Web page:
6 beautiful nature reserves in the Lark Valley
PUBLISHED: 15:06 09 January 2019 | UPDATED: 15:06 09 January 2019
Home to Lackford Lakes, Bradfield Woods and West Stow Country Park, there are few places quite as historic and photogenic as the Lark Valley. Here are 6 great nature reserves and country parks for you to visit
Mrs Norah Hanbury-Kelk bought the meadows during the 1930s when this part of west Suffolk was still largely rural. The meadows, gifted to Suffolk Wildlife Trust in the 1980s, are home to scarce marsh orchids and a great variety of other wetland plants such as ragged-robin, lady’s smock and greater bird’s-foot trefoil.
A wildlife oasis with a landscape of lakes, reeds, meadow and woodland. In season see great-crested grebe, kingfisher, tufted duck and water rail, shoveler, lapwing, goosander, bittern, goldeneye, and dazzling dragonflies.
The ancient oak pollards of Old Broom are between 250 and 500 years old and a remnant of an open wood-pasture landscape that was a once extensive habitat in Suffolk. Public access on twice annual open days.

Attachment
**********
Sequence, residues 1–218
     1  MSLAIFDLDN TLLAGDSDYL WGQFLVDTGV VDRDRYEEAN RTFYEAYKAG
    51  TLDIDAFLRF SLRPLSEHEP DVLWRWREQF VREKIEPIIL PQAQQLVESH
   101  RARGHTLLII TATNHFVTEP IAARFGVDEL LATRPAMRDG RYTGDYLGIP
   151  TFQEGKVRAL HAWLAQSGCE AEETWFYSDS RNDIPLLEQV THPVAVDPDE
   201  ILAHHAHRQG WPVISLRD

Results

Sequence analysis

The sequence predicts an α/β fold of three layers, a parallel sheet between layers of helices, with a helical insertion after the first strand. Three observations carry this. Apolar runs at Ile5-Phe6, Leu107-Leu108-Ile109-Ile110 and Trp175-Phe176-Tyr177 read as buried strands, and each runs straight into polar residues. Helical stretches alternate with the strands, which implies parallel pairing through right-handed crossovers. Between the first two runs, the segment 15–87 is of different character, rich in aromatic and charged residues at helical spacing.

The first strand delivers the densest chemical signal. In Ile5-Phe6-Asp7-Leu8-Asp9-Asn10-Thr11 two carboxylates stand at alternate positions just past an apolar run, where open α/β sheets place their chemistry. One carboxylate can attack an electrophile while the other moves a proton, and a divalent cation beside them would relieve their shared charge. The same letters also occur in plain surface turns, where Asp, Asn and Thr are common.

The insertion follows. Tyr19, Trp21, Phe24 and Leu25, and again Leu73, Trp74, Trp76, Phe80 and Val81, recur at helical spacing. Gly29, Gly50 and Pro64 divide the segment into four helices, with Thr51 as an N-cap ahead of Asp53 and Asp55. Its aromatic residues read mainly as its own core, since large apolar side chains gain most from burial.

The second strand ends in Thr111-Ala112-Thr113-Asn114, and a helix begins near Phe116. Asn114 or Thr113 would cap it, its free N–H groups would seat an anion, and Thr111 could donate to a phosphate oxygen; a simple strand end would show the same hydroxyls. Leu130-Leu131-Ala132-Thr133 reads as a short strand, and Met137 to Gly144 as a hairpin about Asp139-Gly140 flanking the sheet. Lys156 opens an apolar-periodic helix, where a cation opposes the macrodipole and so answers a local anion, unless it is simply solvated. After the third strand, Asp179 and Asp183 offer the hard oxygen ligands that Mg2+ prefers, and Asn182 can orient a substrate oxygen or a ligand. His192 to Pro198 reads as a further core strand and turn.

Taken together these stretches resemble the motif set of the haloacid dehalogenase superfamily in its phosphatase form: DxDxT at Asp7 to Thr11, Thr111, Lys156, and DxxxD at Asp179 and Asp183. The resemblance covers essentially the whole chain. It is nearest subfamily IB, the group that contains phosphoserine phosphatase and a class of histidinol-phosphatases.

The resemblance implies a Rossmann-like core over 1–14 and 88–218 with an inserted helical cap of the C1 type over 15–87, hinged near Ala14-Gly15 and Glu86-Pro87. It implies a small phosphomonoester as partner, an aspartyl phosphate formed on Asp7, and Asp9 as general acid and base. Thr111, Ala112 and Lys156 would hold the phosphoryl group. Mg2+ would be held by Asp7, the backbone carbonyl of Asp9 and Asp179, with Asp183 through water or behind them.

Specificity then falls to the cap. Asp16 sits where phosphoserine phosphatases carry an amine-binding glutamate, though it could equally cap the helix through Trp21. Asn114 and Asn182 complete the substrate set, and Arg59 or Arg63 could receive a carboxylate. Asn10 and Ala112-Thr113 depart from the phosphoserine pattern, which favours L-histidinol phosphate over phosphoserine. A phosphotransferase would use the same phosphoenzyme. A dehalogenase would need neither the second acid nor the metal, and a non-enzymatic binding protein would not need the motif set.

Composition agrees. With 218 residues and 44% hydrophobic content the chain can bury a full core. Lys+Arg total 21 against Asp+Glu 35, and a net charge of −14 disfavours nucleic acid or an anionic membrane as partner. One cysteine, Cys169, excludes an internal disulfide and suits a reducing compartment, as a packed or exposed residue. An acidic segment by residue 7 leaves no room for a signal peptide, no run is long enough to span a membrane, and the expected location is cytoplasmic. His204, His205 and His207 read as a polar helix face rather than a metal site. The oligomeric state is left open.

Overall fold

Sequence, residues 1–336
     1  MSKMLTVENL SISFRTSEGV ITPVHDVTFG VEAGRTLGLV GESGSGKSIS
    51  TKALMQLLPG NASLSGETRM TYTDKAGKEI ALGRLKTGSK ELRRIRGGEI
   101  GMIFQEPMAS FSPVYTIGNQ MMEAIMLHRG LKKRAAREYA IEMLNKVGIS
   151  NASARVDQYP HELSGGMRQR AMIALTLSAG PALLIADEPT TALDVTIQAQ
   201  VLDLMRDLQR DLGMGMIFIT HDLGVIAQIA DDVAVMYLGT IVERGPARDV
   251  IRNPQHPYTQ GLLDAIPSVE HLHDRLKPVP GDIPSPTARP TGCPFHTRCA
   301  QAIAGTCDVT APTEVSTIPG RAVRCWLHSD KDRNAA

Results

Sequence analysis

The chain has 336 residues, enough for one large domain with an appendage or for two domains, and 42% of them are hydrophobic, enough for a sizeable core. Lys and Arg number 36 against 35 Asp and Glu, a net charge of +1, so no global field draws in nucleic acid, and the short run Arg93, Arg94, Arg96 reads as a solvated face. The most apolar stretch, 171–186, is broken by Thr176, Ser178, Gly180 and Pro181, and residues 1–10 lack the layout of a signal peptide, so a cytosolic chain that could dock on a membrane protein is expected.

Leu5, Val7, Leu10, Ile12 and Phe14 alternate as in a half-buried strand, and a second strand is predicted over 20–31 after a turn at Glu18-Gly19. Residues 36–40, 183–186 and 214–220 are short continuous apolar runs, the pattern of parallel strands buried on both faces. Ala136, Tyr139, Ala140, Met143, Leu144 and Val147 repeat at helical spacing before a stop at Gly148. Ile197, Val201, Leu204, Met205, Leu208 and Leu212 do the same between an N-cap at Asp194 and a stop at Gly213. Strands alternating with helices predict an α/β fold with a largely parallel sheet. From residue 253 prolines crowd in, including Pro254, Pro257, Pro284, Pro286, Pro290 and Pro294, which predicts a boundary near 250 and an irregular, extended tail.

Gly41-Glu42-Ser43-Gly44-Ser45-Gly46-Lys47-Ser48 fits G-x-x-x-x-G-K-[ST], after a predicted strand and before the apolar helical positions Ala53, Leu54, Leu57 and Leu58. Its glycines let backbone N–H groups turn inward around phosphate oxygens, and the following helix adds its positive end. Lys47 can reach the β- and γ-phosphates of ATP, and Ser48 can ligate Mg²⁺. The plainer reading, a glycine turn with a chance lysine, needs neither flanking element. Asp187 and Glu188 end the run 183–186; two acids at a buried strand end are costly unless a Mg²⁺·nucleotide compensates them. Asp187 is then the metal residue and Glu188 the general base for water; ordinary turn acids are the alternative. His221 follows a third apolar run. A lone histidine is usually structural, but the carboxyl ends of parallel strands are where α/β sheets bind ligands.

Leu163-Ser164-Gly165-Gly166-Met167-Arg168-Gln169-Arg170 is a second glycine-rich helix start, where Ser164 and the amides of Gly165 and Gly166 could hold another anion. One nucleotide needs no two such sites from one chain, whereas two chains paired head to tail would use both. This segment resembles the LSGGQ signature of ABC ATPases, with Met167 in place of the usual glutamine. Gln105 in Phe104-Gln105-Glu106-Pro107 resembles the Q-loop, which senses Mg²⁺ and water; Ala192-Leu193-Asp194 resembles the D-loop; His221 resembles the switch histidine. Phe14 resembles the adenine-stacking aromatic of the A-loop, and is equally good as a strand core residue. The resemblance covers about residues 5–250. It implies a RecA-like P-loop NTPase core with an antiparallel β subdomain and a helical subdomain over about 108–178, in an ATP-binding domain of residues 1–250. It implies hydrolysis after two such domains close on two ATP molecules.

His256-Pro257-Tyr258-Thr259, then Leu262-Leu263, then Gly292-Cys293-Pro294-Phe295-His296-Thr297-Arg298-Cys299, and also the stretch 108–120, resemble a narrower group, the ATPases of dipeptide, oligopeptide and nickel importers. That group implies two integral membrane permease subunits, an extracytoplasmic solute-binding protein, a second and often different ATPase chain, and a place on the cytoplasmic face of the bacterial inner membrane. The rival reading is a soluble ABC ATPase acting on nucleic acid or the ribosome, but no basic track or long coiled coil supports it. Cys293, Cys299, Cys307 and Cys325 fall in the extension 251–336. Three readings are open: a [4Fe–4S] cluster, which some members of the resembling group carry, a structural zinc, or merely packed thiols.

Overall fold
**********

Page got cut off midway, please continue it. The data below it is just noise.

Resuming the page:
Waterside walks next to lakes and the River Lark near Bury St Edmunds. Nature trails through heathland and woodland and West Stow Anglo-Saxon Village. Next to the park is King’s Forest with fallow, red, roe and muntjac deer.
Almost entirely of ancient origin, the woods have been under continuous traditional coppice management since 1252 fulfilling local needs for firewood and hazel products.
The flowery riverside meadows at what was previously the Grove Farm nature reserve are one of the largest and richest in central Suffolk. Now, 70 acres of river valley have been added to create a magnificent landscape for wildlife with the Black Bourn at its heart.
See it all
Interesting and varied walk starting at Mildenhall, along the river Lark, following it through Cavenham Heath Nature Reserve to Icklingham, then West Stow Country Park and along the river through Culford to Bury St Edmunds.